Event Plan

January 30, 2017

Sign in
The sign in desk is the first contact your participants will have with your event, so getting right is important. Here you will help people create accounts, sign into the event on Wikipedia, and give them a nametag. Nametags should note the wearer’s user name, real name, pronoun, and a red, yellow, or green mark to denote if they want to be photographed or not. Also, organizers should note their status on their nametags, so that participants know how to approach with questions. We also encourage organizers and volunteers to wear identifying items such as bandanas or t-shirts of a matching color. Hand out cheat sheets at the sign in desk (see Appendix 7). We suggest adding a few things to this sheet, like WiFi details and links to resources. You should also have your safer space language posted (See Appendix 6) here and let your participants know that if they have any questions or if they feel unsafe at any point that they can alert an organizer or volunteer.

Social Media
Make sure everyone knows the hashtags for the event, and encourage your participants to use them. #ArtAndFeminism is the general tag and #NowEditingAF can be used to share what you’re working on, e.g. “Working on the entry for Lorraine O’Grady #NowEditingAF”. It is a good idea to have one volunteer or organizer responsible for documenting the event, both with a camera and by posting to social media.
Two ways to create interesting social content is to use the formats below.
Did you know? [insert short fact about female artist here] #ArtAndFeminism
“[insert short quote from participant as to why they are there].” #ArtAndFeminism

Supplies & Resources
Have a resource table with books and articles relating to the theme of your edit-a-thon, and suggestions of what to work on. Other important supplies: power strips and cords, extra laptops/computers (if possible), signage with WiFi info, Safer Space Policy handouts (see Appendix 6). And snacks! People will stay longer if there are snacks and coffee available and will be generally in a better mood. One of the reasons many women don’t edit is because of leisure inequality – the fact that women are more likely to come home from work outside the home and do a second shift of work to maintain the household. So, we strongly advise the presence of childcare for participants. Many towns have child care cooperative who offer affordable services for short periods of time.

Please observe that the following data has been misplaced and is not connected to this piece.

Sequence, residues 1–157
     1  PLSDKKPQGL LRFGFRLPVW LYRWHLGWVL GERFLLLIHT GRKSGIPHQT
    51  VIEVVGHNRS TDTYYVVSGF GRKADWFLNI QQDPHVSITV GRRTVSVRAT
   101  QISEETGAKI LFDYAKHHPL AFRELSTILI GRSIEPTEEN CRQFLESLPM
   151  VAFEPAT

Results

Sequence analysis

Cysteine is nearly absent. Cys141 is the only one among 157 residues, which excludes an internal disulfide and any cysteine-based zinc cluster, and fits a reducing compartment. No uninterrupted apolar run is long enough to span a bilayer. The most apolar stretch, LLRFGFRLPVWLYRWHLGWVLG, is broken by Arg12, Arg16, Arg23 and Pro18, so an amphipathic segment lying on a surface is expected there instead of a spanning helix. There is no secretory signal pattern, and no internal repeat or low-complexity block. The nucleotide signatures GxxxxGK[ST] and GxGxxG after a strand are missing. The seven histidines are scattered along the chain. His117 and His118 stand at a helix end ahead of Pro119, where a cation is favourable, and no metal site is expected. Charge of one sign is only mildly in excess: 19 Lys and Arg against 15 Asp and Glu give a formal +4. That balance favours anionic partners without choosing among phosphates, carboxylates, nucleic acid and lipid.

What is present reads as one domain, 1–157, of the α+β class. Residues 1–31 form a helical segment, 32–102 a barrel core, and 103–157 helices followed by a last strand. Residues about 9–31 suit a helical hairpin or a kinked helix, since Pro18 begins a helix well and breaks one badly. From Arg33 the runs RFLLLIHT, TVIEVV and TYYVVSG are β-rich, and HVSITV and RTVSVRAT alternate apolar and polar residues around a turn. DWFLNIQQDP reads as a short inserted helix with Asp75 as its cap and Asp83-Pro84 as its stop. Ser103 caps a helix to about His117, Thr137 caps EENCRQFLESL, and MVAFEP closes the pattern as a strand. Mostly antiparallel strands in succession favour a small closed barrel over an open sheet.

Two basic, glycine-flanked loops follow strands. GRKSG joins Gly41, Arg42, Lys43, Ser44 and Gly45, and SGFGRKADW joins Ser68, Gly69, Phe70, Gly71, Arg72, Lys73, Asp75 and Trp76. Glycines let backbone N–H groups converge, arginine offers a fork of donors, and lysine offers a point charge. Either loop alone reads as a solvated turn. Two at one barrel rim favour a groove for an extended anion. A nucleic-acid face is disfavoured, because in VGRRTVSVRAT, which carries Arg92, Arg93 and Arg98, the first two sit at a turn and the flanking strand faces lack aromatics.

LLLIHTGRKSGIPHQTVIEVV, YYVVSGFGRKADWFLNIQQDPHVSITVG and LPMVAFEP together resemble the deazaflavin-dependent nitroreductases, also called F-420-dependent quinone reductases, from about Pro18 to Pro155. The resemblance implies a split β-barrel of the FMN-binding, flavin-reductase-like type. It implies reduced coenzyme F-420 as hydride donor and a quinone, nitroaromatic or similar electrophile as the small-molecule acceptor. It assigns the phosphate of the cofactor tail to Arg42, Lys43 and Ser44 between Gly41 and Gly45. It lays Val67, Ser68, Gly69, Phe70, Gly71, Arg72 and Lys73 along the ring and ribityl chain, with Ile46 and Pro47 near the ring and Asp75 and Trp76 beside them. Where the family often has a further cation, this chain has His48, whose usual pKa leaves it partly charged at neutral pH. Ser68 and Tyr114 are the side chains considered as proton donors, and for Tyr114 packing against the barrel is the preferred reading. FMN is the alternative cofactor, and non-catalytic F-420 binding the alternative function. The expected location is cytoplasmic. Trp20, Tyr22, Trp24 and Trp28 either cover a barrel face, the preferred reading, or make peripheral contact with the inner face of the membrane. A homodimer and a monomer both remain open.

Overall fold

Do periodic small-scale training (see Appendix 8), perhaps once an hour or hour and a half, using a projector and walking through the basics of editing. Encourage participants to work in pairs (a more experienced editor with someone versed in the content). For folks who can only stay a short time, suggest that they do some research on an article and post their findings/links on an entry’s talk page, or add citations to articles that are lacking them. Encourage participants to help each other. And make it clear that the point of an edit-a-thon is not for participants to write an article about themselves!

Capturing Results
Record your participants and their work. After you create their account, ensure that all participants sign into your Meet Up page. Have them add their work to a Articles Created and/or Articles Improved section of your Meet Up page, or you can ask them for the info directly. If articles were started in sandboxes or as drafts, but have not yet been officially published as Wikipedia articles, you can link to those pages, and make a note of their current status.

Adding Images to Wikimedia Commons
Take pictures during your event and add them to Wikimedia Commons. As a first step, watch the video below on uploading images to the Commons.

Images for this year’s events will go into the Commons category:
You should make a subcategory for your event before uploading images to Commons, if one does not already exist for your location. You can create a category by typing in the Search Bar: “Category:ArtAndFeminism 2017/YOUR EVENT LOCATION”. Then you must create the category by typing in a few words in the page to describe what the category is, and pressing save. Once you’ve created the category, you should be able to tag images you upload with this category. You can also put your category into the category: Commons:Category:ArtAndFeminism_2017 by adding: [[Category:ArtAndFeminism_2017]] at the bottom of your page.